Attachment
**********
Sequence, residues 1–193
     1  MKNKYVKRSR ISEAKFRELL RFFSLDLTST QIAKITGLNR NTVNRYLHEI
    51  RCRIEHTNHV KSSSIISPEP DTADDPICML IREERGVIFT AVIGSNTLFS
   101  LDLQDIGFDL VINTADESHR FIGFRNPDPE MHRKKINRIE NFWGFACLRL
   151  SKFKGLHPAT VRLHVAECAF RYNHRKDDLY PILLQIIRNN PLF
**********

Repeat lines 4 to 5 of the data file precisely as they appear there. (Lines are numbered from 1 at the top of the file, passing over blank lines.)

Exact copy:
   101  LDLQDIGFDL VINTADESHR FIGFRNPDPE MHRKKINRIE NFWGFACLRL
   151  SKFKGLHPAT VRLHVAECAF RYNHRKDDLY PILLQIIRNN PLF